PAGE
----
24 November 2006
As you all ought to know, I have two charming kids, and to protect the innocent, we'll call the oldest child star and the youngest dandelion. On frequent occasion, my interest in art gets taken out on them. It happened again not long ago. Matthew showed me a link to a neat little webpage where you can make a simulated Pollock "drip painting" just by waving the mouse over the formerly blank canvas--err, screen. Of course, I immediately set the Jr.s down to try it. Neither one is a very good fake Pollock, but both are pretty good additions to Star and Dandelion's art escapades. Can you guess who did which painting?
(readers of character will resist the urge to cheat)
22 November 2006
It started with these doors that I found at the Metropolitan Museum's website. I repeated the image a few times, and then I started to map some of the geometry. Fun, fun, fun. Really.
I hope you’ve clicked the link to see the original. It is small, and although the design wouldn’t need to infinitely repeat to fill such a small place, it can and as my image shows, it can very well.
I’ve always enjoyed geometry. That was the only class I took in high school where the subject matter (rather than a charismatic teacher) was remotely interesting.
Whoever created this specific pattern did a few things that show a remarkable amount of artistry, or bending of geometry’s rules. The resolution of a square into a circle, of a triangle into a hexagon, the kind of stair-step alignment of the stars, etc. These are not perfect shapes, but shapes that have been slightly pushed and pulled to make the overall pattern work. I am baffled by this kind of art (craft?) because although I can find fun patterns in it, I doubt I could design this or something like it, and there are many variations on this kind of pattern that look quite a bit like this one but are different enough to have required a bit of genius.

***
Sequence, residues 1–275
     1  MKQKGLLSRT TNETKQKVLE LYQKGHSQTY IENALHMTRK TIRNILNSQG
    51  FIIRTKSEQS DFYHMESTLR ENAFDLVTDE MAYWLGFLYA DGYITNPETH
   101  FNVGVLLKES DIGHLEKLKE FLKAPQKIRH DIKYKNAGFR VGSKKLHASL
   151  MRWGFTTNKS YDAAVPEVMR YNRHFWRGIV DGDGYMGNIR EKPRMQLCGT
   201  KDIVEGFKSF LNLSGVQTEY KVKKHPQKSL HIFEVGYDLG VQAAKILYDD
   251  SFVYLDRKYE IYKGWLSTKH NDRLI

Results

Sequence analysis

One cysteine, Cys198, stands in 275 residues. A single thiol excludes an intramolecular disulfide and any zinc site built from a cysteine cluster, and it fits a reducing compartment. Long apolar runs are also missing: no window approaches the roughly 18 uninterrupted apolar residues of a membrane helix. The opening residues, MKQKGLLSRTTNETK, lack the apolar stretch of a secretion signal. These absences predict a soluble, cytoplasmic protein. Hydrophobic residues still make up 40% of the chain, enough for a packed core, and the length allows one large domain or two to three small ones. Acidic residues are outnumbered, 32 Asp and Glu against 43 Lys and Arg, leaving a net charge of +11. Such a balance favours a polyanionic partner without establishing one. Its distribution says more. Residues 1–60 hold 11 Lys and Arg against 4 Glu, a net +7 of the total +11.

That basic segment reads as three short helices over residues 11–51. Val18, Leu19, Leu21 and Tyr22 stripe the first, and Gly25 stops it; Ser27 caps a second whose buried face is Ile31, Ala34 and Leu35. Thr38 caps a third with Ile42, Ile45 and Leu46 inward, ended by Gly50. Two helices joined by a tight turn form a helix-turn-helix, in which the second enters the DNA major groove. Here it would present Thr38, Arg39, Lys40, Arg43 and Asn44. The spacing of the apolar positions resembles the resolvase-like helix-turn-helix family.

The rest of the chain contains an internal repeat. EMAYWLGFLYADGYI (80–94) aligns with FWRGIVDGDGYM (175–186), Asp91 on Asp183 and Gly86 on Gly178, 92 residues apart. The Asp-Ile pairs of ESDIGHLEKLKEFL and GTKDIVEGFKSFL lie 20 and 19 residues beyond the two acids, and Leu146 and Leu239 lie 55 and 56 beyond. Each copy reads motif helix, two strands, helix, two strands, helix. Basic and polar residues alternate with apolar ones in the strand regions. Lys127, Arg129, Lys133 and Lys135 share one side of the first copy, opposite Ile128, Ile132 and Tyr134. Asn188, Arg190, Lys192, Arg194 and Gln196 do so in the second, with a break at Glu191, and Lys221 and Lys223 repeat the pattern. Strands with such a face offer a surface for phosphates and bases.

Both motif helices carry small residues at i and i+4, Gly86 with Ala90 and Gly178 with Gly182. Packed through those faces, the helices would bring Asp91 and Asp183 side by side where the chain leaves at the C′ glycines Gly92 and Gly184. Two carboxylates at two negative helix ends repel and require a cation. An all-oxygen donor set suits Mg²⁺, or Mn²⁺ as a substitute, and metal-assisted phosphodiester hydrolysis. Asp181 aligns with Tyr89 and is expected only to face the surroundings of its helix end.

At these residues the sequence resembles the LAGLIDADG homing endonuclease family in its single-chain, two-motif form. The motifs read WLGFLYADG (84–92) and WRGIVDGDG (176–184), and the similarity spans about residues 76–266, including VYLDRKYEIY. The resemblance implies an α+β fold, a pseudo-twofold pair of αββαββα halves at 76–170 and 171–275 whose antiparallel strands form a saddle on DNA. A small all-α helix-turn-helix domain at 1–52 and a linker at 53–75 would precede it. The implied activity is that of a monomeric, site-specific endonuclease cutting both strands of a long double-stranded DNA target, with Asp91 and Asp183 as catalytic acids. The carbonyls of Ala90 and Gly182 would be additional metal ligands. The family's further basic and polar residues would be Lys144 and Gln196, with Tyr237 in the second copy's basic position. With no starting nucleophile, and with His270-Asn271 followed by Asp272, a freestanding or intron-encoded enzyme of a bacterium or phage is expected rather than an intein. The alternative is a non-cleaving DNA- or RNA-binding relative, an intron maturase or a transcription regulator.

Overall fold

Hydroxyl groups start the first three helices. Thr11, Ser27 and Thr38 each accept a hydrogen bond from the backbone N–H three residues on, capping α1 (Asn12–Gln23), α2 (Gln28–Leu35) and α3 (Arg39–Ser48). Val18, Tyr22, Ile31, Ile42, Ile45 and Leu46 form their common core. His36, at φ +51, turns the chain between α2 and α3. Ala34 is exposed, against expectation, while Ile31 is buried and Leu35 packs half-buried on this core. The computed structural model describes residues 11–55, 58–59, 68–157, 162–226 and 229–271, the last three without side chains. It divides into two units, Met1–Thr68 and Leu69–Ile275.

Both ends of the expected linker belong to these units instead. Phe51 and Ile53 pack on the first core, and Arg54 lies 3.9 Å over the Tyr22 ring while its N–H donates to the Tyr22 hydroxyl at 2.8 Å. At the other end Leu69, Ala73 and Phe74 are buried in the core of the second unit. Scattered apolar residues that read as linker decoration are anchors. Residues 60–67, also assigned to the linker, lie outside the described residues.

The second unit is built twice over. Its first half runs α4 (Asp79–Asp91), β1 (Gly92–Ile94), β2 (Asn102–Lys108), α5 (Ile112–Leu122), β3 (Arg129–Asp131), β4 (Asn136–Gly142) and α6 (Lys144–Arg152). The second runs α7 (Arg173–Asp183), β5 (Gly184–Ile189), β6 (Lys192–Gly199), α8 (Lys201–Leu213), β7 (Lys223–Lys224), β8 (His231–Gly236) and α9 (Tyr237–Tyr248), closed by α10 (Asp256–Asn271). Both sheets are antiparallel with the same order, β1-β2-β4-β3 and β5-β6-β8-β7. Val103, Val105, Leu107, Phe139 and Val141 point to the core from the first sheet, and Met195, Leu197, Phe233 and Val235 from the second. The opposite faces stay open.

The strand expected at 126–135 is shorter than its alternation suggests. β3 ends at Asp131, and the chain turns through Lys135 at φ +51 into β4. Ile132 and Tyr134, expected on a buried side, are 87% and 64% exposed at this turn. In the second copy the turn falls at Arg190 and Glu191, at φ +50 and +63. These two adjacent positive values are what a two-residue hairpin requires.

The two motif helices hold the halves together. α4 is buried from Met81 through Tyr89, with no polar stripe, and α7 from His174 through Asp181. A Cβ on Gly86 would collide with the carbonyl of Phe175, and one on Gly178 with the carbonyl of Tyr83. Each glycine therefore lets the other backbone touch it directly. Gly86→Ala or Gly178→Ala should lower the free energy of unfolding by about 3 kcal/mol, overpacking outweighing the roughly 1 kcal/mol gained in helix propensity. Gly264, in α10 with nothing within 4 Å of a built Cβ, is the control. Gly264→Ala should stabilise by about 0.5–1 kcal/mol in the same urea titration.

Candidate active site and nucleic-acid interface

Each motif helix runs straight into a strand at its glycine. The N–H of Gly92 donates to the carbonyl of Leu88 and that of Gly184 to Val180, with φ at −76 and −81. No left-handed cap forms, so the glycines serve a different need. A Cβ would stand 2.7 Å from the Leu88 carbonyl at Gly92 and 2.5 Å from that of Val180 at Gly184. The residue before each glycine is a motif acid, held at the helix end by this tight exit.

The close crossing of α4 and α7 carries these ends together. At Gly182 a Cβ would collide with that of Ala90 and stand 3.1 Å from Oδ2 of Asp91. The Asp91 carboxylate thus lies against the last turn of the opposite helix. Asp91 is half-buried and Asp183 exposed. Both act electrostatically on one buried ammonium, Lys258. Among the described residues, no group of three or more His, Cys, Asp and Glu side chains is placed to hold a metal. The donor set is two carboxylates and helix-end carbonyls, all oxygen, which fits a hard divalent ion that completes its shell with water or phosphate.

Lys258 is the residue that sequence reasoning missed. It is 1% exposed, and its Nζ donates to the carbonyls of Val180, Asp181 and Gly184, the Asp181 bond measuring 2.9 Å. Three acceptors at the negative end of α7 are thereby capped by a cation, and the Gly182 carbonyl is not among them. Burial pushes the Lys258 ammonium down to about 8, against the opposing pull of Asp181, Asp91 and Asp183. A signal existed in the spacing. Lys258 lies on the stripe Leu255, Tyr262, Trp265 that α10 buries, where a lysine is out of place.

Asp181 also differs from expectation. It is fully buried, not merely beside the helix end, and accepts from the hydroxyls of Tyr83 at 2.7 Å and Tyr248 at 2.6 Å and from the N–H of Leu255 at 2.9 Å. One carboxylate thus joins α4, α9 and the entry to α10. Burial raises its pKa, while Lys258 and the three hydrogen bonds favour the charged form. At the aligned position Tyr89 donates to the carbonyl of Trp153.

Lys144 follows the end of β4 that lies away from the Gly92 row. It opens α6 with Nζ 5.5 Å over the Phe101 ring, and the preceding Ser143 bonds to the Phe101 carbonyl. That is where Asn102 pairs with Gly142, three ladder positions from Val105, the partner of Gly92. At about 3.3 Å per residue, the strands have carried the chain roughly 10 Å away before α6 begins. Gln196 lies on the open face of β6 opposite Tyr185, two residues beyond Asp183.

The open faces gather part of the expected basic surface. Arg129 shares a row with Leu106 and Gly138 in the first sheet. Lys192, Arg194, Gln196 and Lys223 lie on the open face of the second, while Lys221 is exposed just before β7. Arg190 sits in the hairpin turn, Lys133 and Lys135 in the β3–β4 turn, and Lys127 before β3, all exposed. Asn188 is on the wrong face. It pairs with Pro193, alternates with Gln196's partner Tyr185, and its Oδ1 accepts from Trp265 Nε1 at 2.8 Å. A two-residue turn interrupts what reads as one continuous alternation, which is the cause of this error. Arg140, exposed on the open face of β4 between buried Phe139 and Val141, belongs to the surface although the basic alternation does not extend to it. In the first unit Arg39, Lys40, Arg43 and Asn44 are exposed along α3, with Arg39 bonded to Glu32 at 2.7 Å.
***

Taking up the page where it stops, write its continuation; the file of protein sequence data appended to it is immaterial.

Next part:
21 November 2006
But here's why that's news today.
Here's your art idea for the day:
“a picture of a dead dog shows a dead dog. It only becomes difficult when you want to communicate something beyond that, when the content is too complicated to be depicted with a simple portrayal”
Gerhardt Richter (Harrison and Woods 1037)
20 November 2006
Back in early October, I went to an antique dealer in town who I knew sold old pointed-arch window frames. The man selling them wanted $150 for the ones about a meter high, $200 for the larger ones. As is. And they were a mess. They had obviously been left out in the rain, there were chunks missing, no or broken glass, peeling paint, etc. I pointed all that out to the man and offered him $20.
Looking back on it, I think he was probably offended that I, a foreigner, would dare to think that one of the region’s treasures could be worth so little. After all, these are not really being made anymore, apparently came from palaces and their origins, age, and relative rarity adds value. But I disagree. The window frames were in terrible shape. They might as well be garbage or firewood and nobody pays even so much as $20 for a few scraps of wet wood. I still can’t believe that he thought $150 was a possible price. He offered to lower it to $130, but that was his final offer. So I, very satisfied with NOT buying one, went home.
Anyway, I’ve been thinking about age-value and art and wondering what it all means. The assertion that age=art comes down to everything eventually becoming art if you just wait long enough.
In some cases, age does add value. Like Greek vases, hand made lace, etc. Especially when a craft is lost it has a much higher chance of becoming an art. But alas, the carpentry of making a pointed arch is not lost at all, and arguing that an old, decaying window frame is somehow worth more because it is too broken to possibly serve its purpose is crazy.
17 November 2006
16 November 2006
So Katie left a comment on my blog that basically said, “you suck at blogging”, which is true. The fact that I haven’t made a post in more than a few months is proof enough of that.
Do you want an art idea anyway? That’s why you’re reading this isn’t it?
“The horror is this . . . to speak of the “nothing to say”. Roland Barthe’s Camera Lucida 92-93.
But for the sake of posting something more, we’ll indulge in a little apologetics—not that it matters or that it has anything to do with art:
1. I’m busy
2. I have to write all the time and I get tired of it.
3. Blame Lebanon
4. I am knee-deep in plans for Christmas because I am an incurable Christmas-freakazoid.
5. My children are more important
6. My thesis is more important.
7. I have to think about art all the time and I get tired of it.
8. Gearing up for the 10k
9. My kids. If everyone had this much huggable cuteness around then no one would blog.